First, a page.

Friday, March 24, 2006

Currently Interacting With...

[Now Experiencing] [Computer Gaming]

I'm currently spending some quality time with the following electronic media.

Burnout Legends (PSP): A frankly amazing port of the Burnout franchise to a handheld format. Were it not for the PSP's hideous hand-deforming ergonomics, you'd almost forget you weren't playing a console. It's a like a remix of the four console titles, including old gameplay favourites like Pursuit Mode, while missing out on the more recent Burnout Revenge's ability to check same-way traffic. Probably the only less-than-perfect note of the game is Crash Mode, where the limitations of the hardware conspire to cause a relatively low number of on-screen vehicles, and a bevy of camera issues which make it really hard to make effective use of the series' trademark Crashbreaker mechanic. But the short-burst playing style inherent in a handheld release makes Crash Mode still an ideal playing choice, so all round you don't worry too much. Did I mention this game supports pretty much every multiplayer under the sun, including a gamesharing mode that's only limited by how much time you're prepared to spend uploading levels and cars to friends? Warning: Do not confuse this game with the identically titled DS version! The DS version is rubbish and should be avoided by all sensible people!

Soulcalibur III (PS2): I've had this one awhile. After an initial burst of activity to unlock the key characters, I put it aside, and have been pretty much only playing it when the opportunity for some serious multiplayer arises. For those who haven't seen it yet, it's an incremental, rather than evolutionary, improvement over the last title in the series. Heihachi, Link and Spawn are gone, and newcomers Zasalamel, Tira, and Setsuka join the pack. Also returning are original-style Siegfried, Rock, Li Long, Arthur, Hwang, and pretty much every other character who's ever appeared in a Soulcalibur or Soul Edge game. You can't fault the roster. There's also a create-a-fighter mode, which basically amounts to playing dress-up-dolls with a fairly generic base model and then assigning it one of a bunch of specially designed and not particularly well balanced unique fighting styles/movesets. What prompted my return to the game was a multiplayer session against soon-to-be-married Chris Nairn, wherein I finally got a handle on using the scythe-wielding Zasalamel. It's amazing how suddenly grokking a character can reinvigorate the whole title. I plan to continue making Matt and AJ cry with vicious scythe combos over coming weeks.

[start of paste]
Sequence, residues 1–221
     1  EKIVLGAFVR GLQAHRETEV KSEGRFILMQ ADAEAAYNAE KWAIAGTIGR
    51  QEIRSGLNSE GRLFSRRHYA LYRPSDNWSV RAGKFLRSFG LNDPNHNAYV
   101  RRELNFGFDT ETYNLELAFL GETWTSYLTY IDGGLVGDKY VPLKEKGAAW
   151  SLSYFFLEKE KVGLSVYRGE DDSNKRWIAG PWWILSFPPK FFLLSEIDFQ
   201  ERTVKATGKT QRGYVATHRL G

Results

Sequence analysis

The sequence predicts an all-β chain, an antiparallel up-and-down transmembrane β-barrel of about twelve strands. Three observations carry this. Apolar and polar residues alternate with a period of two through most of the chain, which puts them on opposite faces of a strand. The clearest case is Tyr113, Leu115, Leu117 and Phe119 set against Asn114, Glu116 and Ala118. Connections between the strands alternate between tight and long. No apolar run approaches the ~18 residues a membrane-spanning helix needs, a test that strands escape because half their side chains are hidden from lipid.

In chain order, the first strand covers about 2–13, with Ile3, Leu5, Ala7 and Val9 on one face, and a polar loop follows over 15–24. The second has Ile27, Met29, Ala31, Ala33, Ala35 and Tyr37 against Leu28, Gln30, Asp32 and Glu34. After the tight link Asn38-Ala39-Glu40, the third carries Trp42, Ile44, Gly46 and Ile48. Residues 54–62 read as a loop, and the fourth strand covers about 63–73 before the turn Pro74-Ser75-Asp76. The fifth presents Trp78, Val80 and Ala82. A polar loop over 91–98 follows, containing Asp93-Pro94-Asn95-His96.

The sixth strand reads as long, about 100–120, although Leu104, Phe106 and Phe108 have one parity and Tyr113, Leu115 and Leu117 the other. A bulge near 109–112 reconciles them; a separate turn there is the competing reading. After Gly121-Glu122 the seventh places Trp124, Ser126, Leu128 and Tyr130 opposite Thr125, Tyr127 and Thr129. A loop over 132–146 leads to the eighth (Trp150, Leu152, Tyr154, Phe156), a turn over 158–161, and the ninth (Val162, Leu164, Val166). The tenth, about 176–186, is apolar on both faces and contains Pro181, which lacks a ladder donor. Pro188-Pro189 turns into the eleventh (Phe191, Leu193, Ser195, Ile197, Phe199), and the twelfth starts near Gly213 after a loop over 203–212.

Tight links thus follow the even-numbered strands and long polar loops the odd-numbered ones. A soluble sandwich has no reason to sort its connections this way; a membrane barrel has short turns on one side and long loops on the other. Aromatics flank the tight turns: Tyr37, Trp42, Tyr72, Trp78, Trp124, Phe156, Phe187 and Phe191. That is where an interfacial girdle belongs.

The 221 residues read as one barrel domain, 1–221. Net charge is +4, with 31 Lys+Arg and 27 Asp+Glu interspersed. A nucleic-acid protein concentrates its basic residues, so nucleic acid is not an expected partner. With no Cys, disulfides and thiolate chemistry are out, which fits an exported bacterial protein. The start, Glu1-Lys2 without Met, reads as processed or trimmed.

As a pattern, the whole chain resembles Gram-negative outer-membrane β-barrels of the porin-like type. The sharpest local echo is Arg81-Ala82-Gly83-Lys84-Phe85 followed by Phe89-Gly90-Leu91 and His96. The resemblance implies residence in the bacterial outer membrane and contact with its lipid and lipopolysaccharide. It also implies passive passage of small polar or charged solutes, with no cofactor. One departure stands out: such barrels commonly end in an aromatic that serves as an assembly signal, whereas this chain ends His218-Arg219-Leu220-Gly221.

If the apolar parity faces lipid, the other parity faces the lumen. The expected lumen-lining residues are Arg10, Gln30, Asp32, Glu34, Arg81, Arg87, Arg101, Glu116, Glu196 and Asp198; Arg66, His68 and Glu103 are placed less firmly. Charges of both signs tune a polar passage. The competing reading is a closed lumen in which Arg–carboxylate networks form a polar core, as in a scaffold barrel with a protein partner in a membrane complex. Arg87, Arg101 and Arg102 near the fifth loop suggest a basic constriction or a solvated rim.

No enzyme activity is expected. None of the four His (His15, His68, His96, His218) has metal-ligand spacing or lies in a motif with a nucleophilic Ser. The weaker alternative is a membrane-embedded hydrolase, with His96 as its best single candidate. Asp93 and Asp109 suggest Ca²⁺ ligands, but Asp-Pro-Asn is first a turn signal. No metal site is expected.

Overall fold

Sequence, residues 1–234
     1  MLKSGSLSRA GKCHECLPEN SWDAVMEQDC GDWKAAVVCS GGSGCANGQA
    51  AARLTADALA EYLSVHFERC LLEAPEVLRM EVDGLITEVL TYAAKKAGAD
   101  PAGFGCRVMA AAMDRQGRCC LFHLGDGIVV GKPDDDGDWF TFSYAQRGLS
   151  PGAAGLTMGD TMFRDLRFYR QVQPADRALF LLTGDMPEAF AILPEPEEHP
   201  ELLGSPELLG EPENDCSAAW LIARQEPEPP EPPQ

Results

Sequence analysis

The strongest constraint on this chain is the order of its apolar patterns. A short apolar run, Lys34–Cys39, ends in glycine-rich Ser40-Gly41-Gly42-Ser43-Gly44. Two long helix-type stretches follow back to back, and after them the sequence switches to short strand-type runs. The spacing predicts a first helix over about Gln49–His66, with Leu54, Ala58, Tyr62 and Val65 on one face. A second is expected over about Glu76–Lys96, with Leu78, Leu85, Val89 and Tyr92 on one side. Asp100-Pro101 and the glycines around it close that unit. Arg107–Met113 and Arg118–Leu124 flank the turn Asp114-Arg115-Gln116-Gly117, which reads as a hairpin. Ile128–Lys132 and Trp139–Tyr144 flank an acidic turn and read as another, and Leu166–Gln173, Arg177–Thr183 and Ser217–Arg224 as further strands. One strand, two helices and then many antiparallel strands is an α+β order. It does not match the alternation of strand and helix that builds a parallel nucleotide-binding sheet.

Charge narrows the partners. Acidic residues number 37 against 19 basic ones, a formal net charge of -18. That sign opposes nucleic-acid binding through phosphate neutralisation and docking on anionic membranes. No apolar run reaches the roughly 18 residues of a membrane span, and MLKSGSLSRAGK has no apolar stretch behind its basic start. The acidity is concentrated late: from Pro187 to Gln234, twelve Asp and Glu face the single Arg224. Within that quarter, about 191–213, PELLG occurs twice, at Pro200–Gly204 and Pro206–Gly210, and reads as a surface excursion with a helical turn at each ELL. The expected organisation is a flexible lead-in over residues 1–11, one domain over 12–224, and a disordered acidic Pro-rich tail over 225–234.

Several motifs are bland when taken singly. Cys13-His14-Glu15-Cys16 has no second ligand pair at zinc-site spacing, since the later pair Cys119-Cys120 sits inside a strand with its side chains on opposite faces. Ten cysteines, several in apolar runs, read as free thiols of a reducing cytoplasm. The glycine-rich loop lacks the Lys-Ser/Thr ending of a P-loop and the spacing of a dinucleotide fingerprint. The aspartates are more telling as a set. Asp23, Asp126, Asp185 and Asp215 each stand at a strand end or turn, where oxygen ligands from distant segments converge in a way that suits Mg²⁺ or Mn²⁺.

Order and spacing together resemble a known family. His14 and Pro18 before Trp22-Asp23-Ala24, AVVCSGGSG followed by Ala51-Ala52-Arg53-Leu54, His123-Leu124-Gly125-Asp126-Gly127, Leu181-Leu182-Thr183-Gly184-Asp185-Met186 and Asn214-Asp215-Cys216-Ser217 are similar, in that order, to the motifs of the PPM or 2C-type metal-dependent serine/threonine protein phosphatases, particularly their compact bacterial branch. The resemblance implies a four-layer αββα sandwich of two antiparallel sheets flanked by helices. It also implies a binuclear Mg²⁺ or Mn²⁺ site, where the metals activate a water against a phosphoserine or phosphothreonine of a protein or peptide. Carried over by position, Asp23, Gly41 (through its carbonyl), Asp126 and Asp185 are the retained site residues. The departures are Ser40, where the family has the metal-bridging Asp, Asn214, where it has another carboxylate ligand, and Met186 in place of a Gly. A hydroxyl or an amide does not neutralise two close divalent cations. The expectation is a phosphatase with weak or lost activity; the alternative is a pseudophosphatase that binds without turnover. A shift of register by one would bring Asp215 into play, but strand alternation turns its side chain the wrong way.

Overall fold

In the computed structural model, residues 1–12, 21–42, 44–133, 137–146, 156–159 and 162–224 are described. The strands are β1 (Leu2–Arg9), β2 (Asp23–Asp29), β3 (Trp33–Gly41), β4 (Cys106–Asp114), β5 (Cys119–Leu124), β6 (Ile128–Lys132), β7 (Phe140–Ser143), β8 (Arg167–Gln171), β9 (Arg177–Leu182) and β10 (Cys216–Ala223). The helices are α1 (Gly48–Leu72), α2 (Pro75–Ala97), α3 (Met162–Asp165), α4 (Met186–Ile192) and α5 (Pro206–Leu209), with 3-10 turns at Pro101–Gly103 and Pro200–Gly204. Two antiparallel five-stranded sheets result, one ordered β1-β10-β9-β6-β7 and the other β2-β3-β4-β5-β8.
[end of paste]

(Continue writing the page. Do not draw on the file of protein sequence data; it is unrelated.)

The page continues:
Facade (PC): Not a commercial release; don't feel bad if you haven't heard of it. This odd little game is part experiment, part proof of concept, and part challenge to game designers. You play a guest at the house of two married friends on the verge of a messy breakup. Their breakup forms the story; you're challenged to interact so as to affect the outcome. My first attempt, though interesting, was largely unsuccessful. The game seems to be a fairly excellent demonstration of AI driven characterisation and combining plot elements or "beats" to produce a unique story while still retaining narrative cohesion. Unfortunately, the underlying situation is inherently stressful and non-fun, making it less something you want to experiment with and more something to toy with once or twice and then escape from. It's a free and legal download via Bittorrent, though, so if you have the bandwidth I strongly recommend you to check it out.

Animal Crossing: Wild World (DS): This is just another aspect of Nintendo's genious. It's a handheld port-slash-extension of the very successful Gamecube title. I personally don't get a lot out of this for my own part: you play what's essentially a human child living in a town populated by anthropomorphic animals. You wander around chatting to the townsfolk, collecting fruit and shells off the ground, and selling them to a raccoon of dubious moral character in order to pay off your mortgage and buy a bigger house. It feels a lot like World of Warcraft without the monsters, the levelling, the equipment, and the huge number of other players. One neat thing is you can visit the towns of other players who have the game and are within wireless range, so naturally I bought my girlfriend a copy a while back and she's been enthusiastically working her way through it. What it lacks in shooting people in the head is neatly compensated by my ability to play it socially with girls. The Gamecube version featured the ability to unlock full playable versions of classic NES games; that is sadly missing from the DS version and sorely missed.

And of course I'm still sinking time into World of Warcraft. It's a busy life.

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